A common method used to investigate the strength of coupling to a periodical visual stimulus is to compute frequency spectrograms of the responses and analyze these according to the power of the frequency contained in the stimulation (i.e. to quantify the transfer function of the system). These spectrograms reveal the extent to which the frequency components of the visual motion stimulus can be found in the bodily response of the subject. This gives insight into how the postural control system adapts to a constantly perturbed visual input and achieves a steady state. In doing so however, a key challenge is that postural spectrograms typically show high inter-subject variability, with many subjects (up to half according to Kay and Warren 2001) showing weak or no effects of the visual stimulus (Dijkstra et al. 1994; Kay and Warren 2001; Peterka 2002; Sparto et al. 2004; Mahboobin et al. 2005). Sparto and colleagues (2004) noted the need for a method to quantify the statistical significance of a subject’s postural spectrogram as response to a particular stimulus.

Taken together, there is demand for a comparable parameter by which to investigate and quantify postural responses to oscillatory stimuli, to gain further insight into visuomotor processing of periodical visual input. Here, we investigated COP responses to sinusoidal visual perturbations in VR. Importantly, we present both an alternative method to quantify the coupling of postural sway to a moving visual surrounding, as well as a bootstrapping approach to test statistical significance.



Ten human subjects (20–32 years) with normal or corrected to normal vision and no known neurological or musculoskeletal impairments participated in the study. All subjects gave written informed consent prior to the experiment, including that regarding the storing and processing of their data. Research was approved by the Ethics Committee of the Psychology Department, University of Marburg. All research was conducted according to the Declaration of Helsinki.

Stimulus and apparatus

Visual stimuli were presented through an Oculus Rift DK2 (Oculus VR, Irvine, CA, USA) head mounted display. Subjects stood on a force plate (Accusway, AMTI, Watertown, MA, USA) to measure their ground reaction forces in order to calculate the trajectory of their COP (2-D) during trials. The sampling rate of the force plate was set to 50 Hz. Subjects were told to stand relaxed with their feet about hip width apart and parallel on the ground. Their arms were to hang loosely at the side of their body, and they were instructed to maintain their gaze straight ahead. For safety reasons, subjects wore a harness during visual presentation, which was not providing lift during trials, so as not to interfere with the subject’s natural posture and balance. The stimulus was created using the PsychVRToolbox in MATLAB (The MathWorks, Inc., Massachusetts, USA), based on an OpenGL framework. It consisted of a 3-D cloud of white spheres on a black background distributed randomly within a virtual space centered around the observer’s head. The span of this space was 200 m, 150 m, and 200 m in the left-to-right, up-to-down, and front-to-back axis, respectively, yielding a sphere density of \({8\times 10}^{-4}\)/\({\mathrm{m}}^{3}\). Spheres within 10 m and beyond 100 m from the observer were not rendered. The size of the spheres scaled with distance, with glPointSize set to 15. Field of view was 90° horizontally and 110° vertically. The framerate of the headset was 75 fps. The cloud remained static for 5 s, followed by a 45 s sinusoidal movement of the cloud along the anterior–posterior axis with a simulated peak-to-peak amplitude of 1.5 m. We chose this large amplitude, since pilot recordings had shown strong postural responses of our subjects in the context of this stimulus. The movement was subsequently followed by another 10 s static dot cloud to provide the subjects with relaxation time (Fig. 1). Every subject performed 20 trials in random order for each of five different stimulus frequencies (conditions). Out of those frequencies, three were determined in a preceding experiment individually for each subject. They ranged from 0.3 Hz to 1.3 Hz and their average was 0.40 ± 0.05 Hz, 0.58 ± 0.09 Hz and 0.70 ± 0.1 Hz (mean ± stem). The remaining two frequencies constituted low and high control frequencies at 0.2 Hz and 1.5 Hz respectively and were presented to all subjects. All our analyses are based on these latter two frequencies, with only the bootstrapped based computation of baseline body sway (see “Statistical analysis—background simulation”) to also include the remaining three.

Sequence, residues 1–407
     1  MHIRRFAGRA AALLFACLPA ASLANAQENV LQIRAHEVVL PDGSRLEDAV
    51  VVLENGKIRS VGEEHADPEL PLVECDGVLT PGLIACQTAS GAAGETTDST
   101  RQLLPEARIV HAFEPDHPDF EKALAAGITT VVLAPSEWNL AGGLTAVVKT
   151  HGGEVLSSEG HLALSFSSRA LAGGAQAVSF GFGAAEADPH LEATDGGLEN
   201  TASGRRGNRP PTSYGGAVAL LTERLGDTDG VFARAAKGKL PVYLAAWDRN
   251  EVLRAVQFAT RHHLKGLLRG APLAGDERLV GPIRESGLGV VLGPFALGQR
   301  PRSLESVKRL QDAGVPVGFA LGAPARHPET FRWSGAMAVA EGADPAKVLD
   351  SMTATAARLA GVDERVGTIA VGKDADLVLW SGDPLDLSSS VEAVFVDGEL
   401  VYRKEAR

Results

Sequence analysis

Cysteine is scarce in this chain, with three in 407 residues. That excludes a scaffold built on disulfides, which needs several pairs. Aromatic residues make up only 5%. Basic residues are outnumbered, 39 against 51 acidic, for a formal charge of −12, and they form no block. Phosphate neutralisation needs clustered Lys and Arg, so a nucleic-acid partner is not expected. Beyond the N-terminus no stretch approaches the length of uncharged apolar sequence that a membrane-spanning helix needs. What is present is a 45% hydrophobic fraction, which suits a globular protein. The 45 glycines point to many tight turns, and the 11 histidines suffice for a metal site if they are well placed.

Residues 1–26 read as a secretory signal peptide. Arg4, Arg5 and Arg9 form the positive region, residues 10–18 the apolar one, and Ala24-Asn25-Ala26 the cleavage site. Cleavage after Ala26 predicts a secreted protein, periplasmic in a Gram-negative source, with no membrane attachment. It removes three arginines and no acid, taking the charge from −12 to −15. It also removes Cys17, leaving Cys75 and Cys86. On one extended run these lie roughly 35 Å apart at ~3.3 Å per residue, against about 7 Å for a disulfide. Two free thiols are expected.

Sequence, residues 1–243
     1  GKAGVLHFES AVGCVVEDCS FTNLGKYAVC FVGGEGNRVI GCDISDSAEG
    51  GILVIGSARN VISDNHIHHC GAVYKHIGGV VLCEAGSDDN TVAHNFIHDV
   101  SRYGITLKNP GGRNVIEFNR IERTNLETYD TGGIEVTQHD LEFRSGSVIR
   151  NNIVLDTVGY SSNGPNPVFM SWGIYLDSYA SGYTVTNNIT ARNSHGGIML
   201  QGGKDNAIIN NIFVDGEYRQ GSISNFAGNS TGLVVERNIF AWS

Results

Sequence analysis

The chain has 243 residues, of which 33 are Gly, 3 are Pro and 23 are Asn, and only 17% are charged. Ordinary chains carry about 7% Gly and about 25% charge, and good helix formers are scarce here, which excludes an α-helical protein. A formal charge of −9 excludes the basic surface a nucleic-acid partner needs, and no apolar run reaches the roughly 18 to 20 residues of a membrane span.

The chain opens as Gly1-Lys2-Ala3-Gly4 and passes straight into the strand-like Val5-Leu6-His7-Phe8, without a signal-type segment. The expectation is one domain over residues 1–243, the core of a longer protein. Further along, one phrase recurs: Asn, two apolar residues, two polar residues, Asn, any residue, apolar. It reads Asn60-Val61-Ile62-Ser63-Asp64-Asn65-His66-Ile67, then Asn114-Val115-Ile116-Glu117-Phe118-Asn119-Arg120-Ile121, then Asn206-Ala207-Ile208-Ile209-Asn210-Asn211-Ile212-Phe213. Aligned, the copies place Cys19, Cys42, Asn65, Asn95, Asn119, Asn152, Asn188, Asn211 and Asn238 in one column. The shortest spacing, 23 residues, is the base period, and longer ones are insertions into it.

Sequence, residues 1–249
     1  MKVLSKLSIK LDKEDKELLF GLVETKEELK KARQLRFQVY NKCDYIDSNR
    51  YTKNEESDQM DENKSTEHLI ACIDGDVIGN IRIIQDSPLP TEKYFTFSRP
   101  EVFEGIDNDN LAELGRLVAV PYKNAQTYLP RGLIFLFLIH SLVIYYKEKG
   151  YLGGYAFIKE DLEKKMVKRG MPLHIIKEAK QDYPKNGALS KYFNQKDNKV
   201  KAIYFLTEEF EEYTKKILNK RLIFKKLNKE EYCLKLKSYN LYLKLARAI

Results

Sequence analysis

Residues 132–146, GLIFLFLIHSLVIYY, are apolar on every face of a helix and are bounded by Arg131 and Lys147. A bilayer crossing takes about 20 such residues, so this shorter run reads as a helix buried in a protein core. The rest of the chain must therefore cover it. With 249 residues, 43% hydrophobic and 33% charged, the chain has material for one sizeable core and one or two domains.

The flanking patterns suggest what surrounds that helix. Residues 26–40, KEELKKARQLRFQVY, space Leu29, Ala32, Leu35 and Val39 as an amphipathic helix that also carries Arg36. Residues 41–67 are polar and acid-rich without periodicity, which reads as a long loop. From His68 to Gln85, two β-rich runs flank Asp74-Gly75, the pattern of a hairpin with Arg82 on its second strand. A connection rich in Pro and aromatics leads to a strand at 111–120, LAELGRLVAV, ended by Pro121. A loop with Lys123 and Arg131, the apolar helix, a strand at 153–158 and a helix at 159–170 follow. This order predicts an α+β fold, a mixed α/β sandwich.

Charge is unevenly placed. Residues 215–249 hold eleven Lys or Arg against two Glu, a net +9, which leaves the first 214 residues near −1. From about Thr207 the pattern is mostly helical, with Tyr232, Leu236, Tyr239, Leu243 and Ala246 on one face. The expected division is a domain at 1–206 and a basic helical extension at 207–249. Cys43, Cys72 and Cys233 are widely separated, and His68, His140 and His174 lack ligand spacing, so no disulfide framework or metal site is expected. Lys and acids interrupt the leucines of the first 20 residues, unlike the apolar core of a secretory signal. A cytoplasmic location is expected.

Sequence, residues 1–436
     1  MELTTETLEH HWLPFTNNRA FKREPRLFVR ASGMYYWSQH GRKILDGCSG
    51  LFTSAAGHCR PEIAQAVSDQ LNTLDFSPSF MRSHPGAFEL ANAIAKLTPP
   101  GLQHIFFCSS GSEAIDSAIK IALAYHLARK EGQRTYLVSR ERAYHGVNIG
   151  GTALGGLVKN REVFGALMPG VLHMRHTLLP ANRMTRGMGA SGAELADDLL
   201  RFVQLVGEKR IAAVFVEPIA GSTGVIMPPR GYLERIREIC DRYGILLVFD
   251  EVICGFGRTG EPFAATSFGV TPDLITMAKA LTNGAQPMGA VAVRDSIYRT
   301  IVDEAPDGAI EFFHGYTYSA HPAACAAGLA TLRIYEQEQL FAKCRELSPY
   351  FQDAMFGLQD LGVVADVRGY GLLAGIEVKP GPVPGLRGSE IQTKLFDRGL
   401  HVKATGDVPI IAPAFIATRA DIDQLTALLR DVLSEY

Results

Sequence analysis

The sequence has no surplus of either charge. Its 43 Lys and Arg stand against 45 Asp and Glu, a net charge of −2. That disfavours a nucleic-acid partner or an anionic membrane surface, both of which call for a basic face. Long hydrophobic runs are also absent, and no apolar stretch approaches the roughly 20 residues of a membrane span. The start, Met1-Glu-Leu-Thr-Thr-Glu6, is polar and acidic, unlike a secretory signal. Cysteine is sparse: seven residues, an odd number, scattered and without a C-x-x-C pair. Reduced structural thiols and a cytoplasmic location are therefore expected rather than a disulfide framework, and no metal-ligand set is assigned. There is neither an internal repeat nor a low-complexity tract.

Fig. 1
figure 1

The stimulus consisted of a 3-D cloud of random white spheres on a black background. After 5 s being stationary, the cloud of spheres then started moving sinusoidally for 45 s in the anterior–posterior direction, simulating a movement of the outside world. The movement was followed by another static period lasting for 10 s